The Authentix case provides critical takeaways for boards of private equity firms as they endeavor to uphold their fiduciary responsibilities. The litigation arising from the Authentix case highlights the complexity and depth of issues that business owners, boards, and shareholders need to take into consideration when assessing an M&A transaction. A fairness opinion does not prevent litigation, but it provides an independent assessment of the transaction, taking into consideration the same facts and circumstances the key stakeholders are balancing in arriving at a decision to transact. Two key considerations in this example that should have been addressed were:

  • Investment Horizon – “Speed and certainty to close” is always a consideration when contemplating an M&A transaction. Private equity funds at or near the end of their investment horizons often feature dynamics where quickness to closing holds greater weight than maximizing price. The recent Authentix ruling however made clear that speed to close cannot be the only consideration, especially when a board’s fiduciary duties of loyalty and care are compromised or reasonably questioned through the transaction.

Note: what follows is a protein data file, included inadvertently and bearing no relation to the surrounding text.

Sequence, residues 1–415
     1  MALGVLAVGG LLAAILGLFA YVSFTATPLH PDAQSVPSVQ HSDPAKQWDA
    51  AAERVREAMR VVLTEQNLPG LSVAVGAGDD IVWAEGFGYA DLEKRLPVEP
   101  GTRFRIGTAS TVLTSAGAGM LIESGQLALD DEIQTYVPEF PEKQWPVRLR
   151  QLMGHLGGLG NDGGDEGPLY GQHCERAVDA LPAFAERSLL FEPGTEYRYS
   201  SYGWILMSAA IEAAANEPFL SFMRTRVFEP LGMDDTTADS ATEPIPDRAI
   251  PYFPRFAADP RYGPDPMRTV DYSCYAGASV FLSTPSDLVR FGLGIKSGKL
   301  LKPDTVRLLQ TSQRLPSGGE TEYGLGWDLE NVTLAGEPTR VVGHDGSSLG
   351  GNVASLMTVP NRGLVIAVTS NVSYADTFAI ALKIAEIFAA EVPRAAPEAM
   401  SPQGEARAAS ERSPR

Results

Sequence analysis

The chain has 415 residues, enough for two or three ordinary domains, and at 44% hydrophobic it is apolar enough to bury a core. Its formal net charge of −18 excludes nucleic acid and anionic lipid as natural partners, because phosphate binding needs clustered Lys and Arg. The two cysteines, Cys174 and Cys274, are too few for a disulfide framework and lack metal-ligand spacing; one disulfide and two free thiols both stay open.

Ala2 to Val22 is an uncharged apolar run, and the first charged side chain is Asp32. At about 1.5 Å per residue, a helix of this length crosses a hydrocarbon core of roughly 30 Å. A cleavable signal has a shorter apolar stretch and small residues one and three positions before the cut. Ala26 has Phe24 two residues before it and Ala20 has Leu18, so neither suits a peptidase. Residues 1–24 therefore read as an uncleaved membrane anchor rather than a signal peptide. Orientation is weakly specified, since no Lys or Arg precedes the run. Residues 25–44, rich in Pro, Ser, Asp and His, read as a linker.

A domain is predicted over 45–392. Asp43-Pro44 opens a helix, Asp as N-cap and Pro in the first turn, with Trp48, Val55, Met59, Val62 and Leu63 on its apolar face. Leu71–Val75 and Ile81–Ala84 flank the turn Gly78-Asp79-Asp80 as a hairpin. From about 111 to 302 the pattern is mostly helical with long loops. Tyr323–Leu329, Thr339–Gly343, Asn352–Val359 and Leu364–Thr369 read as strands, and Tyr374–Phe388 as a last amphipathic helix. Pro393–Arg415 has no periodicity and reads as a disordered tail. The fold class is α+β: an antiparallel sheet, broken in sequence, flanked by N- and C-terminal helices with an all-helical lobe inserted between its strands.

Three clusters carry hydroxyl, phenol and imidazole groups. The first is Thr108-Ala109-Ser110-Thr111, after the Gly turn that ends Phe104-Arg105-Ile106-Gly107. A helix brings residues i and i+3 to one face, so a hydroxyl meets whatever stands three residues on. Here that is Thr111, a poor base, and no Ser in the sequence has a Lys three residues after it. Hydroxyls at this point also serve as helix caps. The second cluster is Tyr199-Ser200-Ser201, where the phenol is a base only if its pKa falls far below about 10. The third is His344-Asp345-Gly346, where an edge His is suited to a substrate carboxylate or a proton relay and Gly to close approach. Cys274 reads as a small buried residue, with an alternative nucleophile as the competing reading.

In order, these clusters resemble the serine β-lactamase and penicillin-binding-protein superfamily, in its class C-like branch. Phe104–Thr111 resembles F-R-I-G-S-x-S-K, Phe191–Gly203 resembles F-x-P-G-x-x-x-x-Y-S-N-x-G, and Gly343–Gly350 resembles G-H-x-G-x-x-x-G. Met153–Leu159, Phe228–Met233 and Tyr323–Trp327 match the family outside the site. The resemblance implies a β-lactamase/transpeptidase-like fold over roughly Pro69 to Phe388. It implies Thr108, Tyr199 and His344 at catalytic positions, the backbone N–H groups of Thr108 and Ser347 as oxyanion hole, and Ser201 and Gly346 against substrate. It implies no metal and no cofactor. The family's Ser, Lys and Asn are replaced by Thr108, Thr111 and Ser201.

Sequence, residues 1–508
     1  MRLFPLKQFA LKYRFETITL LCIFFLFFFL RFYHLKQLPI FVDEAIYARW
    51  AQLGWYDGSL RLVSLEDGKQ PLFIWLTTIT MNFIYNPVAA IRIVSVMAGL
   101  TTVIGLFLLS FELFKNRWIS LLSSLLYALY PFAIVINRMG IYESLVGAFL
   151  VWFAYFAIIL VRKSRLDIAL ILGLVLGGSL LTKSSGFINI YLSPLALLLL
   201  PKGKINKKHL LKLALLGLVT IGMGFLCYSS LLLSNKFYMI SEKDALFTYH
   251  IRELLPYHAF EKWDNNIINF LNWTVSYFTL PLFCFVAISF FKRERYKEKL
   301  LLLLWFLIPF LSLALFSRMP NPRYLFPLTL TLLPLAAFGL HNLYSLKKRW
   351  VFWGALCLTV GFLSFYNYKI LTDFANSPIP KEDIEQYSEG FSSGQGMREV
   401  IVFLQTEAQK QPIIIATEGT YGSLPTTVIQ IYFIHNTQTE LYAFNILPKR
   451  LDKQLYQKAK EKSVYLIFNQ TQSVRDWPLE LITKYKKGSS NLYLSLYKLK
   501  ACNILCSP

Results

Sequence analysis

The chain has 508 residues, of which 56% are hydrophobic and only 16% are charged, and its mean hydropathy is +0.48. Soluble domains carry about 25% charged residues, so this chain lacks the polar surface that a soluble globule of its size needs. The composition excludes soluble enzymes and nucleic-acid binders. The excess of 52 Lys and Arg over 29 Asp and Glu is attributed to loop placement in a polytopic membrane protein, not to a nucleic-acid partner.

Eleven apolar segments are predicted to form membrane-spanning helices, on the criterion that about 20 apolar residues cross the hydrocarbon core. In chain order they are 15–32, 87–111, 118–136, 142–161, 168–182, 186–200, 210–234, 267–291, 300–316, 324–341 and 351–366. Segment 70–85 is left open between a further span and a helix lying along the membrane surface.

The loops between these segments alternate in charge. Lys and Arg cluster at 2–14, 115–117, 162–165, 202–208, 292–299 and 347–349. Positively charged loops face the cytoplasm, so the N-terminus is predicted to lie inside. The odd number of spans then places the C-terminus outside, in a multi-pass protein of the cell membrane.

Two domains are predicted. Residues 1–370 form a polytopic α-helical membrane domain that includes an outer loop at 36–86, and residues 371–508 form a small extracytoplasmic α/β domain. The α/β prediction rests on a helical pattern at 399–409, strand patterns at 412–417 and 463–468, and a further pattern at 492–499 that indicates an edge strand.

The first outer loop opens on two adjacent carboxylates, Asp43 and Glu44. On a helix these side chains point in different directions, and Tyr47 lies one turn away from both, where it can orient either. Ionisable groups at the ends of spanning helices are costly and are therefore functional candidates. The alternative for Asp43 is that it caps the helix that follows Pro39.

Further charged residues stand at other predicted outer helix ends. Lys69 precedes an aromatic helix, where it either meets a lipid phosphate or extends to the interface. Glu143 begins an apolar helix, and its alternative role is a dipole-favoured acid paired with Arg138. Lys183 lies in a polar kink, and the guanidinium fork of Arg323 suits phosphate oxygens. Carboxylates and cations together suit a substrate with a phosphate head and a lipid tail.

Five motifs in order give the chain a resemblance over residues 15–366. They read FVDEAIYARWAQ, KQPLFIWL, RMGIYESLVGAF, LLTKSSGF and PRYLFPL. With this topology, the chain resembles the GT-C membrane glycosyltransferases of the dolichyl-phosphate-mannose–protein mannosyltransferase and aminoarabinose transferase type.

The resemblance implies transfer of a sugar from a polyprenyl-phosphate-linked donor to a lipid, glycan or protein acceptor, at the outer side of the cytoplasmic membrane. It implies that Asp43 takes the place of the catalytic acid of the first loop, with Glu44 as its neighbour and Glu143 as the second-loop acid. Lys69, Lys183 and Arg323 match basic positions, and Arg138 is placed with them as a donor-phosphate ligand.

• Conflict of Interest Amongst Shareholder Classes – There are a variety of stakeholders impacted by an M&A transaction. Even within the capital stack there are often competing priorities amongst share classes. In the Carlyle case, the court ruled that the directors—who were fiduciaries of both Carlyle and Authentix—were likely conflicted by the transaction and potentially acted disloyally given the differing levels of consideration received by preferred shareholders (Carlyle) and Authentix stockholders. The expedited sale enabled Carlyle to maximize its return on its preferred stock investment while Authentix’s common shareholders stood to benefit only if the company sold for a higher price, which the minority shareholder argued would have occurred with better market timing.

Capstone Partners Case Study: Fairness Opinions for Continuation Funds